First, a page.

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Last Updated: Wednesday, 28 September 2005, 11:20 GMT 12:20 UK
BBC's concert for S Asian peace
The BBC's Hindi and Urdu services organised a live concert for peace linking Karachi and Mumbai (Bombay) on Tuesday as part of the BBC's Who Runs Your World? season.

Shubha Mudgal
Why are you so far away? Come here and we will never let you go back
Shubha Mudgal, Indian singer

Pakistan's Abida Parveen and India's Shobha Mudgal sang respectively from the two cities for the concert, entitled Sur ka Rishta (Bond of Music), while panellists discussed the power that music holds over hearts and minds.

The BBC News website's Aamer Ahmed Khan was at the event in Karachi.

The live satellite link was up and Pakistan's legendary singer Abida Parveen found herself looking at her counterpart Shubha Mudgal in Mumbai.

"You are looking so pretty, Shobhaji," said Abida Parveen.

Shubha Mudgal laughed: "What about you, Abidaji? You have captured Mumbai."

Shubha went on: "But why are you so far away? Come here and we will never let you go back."

It was Abida's turn to laugh. "Why do you say I am so far away? We are looking at each other, talking to each other. Isn't that a miracle?"

Simple words? Indeed. But few outside the subcontinent can appreciate the power they pack.

Especially when it comes to people-to-people contact between the two nuclear capable neighbours.


More often than not, the desire for peace in the two countries seems as extreme as the warmongers' gospel of hate.

Abida Parveen
Music lives in the hearts and minds. It needs no visas and knows no boundaries
Anwar Maqsood, Pakistani writer

But while the world may be all too familiar with the political venom that characterises relations between India and Pakistan, not many get an opportunity to see the two smiling at each other.

Indeed, the smiles have broadened in recent times - thanks mostly to the slow but steady peace process that the two countries have been grappling with for over a year now.

Here's a sampling of the exchanges between the panellists of intellectuals on either side. Three people each from either side associated with arts and culture were invited to discuss what music can do for the troubled neighbours.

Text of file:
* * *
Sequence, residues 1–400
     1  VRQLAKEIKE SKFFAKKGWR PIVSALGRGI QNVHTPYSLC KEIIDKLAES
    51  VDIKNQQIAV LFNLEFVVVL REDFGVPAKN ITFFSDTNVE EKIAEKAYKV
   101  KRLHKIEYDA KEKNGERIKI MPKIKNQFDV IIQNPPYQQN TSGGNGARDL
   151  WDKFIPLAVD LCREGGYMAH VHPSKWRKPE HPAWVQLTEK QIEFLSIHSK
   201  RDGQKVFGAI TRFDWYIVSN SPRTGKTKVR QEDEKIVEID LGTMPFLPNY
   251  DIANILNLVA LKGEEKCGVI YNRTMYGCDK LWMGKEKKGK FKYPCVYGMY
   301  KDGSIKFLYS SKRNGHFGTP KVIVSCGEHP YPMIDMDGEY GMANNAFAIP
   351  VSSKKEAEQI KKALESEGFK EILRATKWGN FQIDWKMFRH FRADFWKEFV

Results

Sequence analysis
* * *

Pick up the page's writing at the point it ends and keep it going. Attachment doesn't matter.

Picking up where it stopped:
Playwright Shoaib Hashmi from Pakistan: "It is the desire that matters. And the desire for peace is there. Not only that, it is now irreversible."

Film maker Govind Nihalani from India: "It is a reality - however sad - that our worlds are run by politicians.

"We need to empower the people so that our politicians cannot ignore what the people truly desire."

Writer and critic Anwar Maqsood from Pakistan: "Music lives in the hearts and minds. It needs no visas and knows no boundaries.

"I remember the BBC playing Beethoven at the height of WWII. In the world of music, we are you and you are us."

Actor Kirron Kher from India: "I believe there should be no line between India and Pakistan. We should only have soft borders."

'War movies'

Every time something was said - whether profound or frivolous - the audience automatically turned to the giant screens to see the response from the "other side".

Panellist on screen
Panellists spoke across the divide

That, perhaps, is the greatest of all obstacles on what can only be a long and winding road to peace.

Even for the peaceniks, the "other side" is very much there - not all of it warm and welcoming.

When quizzed about the spate of war movies that have recently emerged from the two countries, Indian film maker Javed Akhtar gave us a taste of the darkness within.

"You send your people to Kargil so we make a movie on war. And what about you, even your state-controlled TV makes war movies," he shot back.

It was a sobering moment, reminding all present of the enormity of the task at hand.

And it could have turned uglier but the level-headed and mature handling by the BBC's veteran Pakistan reporter Zaffar Abbas eased the situation.

"If we make war movies in times of war and peace movies in times of peace, then it is truly the politicians who run the world, don't they?" he quipped, triggering nervous laughter in the audience.

And a fair amount of nervousness was there right from the beginning.

Spiritual experience

It was almost as if no one wanted to go back with a bad memory of the evening but were scared that they may be hoping for too much.

Concert audience
Some in the Karachi audience talked of a spiritual experience

It will perhaps be a long time before this nervousness is history.

In contrast, what is very much a reality is the awareness of the role that technology can play in promoting peace in the region.

The Karachi-Mumbai concert was originally scheduled as a webcast only. But by the time it got underway, select private radio and TV channels in Pakistan and India were also broadcasting it live.

There were many in the audience who were overwhelmed by the "reality" of this technology-based cross-border interaction.

Some said it may not be long now before other media organisations adopt the idea.

"It was almost a spiritual experience," said Karachi's most relentless civic awareness campaigner Naeem Sadiq.

"The BBC has clearly done something quite remarkable here."


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